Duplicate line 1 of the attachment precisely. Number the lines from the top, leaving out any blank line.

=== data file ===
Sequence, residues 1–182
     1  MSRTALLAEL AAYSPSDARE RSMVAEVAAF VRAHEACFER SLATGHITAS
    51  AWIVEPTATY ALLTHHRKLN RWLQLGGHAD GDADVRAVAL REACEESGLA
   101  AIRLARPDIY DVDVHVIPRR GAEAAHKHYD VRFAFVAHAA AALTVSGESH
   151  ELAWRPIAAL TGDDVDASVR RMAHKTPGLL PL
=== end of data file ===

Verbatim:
Sequence, residues 1–182